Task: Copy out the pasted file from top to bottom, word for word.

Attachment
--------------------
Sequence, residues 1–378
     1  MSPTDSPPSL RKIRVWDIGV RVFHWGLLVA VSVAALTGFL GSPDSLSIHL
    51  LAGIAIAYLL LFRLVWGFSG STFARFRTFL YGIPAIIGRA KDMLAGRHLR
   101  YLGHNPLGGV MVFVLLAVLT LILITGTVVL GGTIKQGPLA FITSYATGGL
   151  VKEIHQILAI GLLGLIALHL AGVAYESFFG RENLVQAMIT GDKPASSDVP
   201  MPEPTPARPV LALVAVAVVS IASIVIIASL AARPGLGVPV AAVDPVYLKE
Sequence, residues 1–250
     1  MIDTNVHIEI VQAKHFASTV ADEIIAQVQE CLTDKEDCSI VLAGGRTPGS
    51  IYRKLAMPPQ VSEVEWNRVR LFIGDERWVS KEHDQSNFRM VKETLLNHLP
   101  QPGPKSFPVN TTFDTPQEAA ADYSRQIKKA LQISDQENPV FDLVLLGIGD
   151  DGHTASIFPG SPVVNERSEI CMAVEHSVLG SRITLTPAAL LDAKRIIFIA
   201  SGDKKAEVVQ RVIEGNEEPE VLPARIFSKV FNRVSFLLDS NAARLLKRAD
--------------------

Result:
Sequence, residues 1–378
     1  MSPTDSPPSL RKIRVWDIGV RVFHWGLLVA VSVAALTGFL GSPDSLSIHL
    51  LAGIAIAYLL LFRLVWGFSG STFARFRTFL YGIPAIIGRA KDMLAGRHLR
   101  YLGHNPLGGV MVFVLLAVLT LILITGTVVL GGTIKQGPLA FITSYATGGL
   151  VKEIHQILAI GLLGLIALHL AGVAYESFFG RENLVQAMIT GDKPASSDVP
   201  MPEPTPARPV LALVAVAVVS IASIVIIASL AARPGLGVPV AAVDPVYLKE
Sequence, residues 1–250
     1  MIDTNVHIEI VQAKHFASTV ADEIIAQVQE CLTDKEDCSI VLAGGRTPGS
    51  IYRKLAMPPQ VSEVEWNRVR LFIGDERWVS KEHDQSNFRM VKETLLNHLP
   101  QPGPKSFPVN TTFDTPQEAA ADYSRQIKKA LQISDQENPV FDLVLLGIGD
   151  DGHTASIFPG SPVVNERSEI CMAVEHSVLG SRITLTPAAL LDAKRIIFIA
   201  SGDKKAEVVQ RVIEGNEEPE VLPARIFSKV FNRVSFLLDS NAARLLKRAD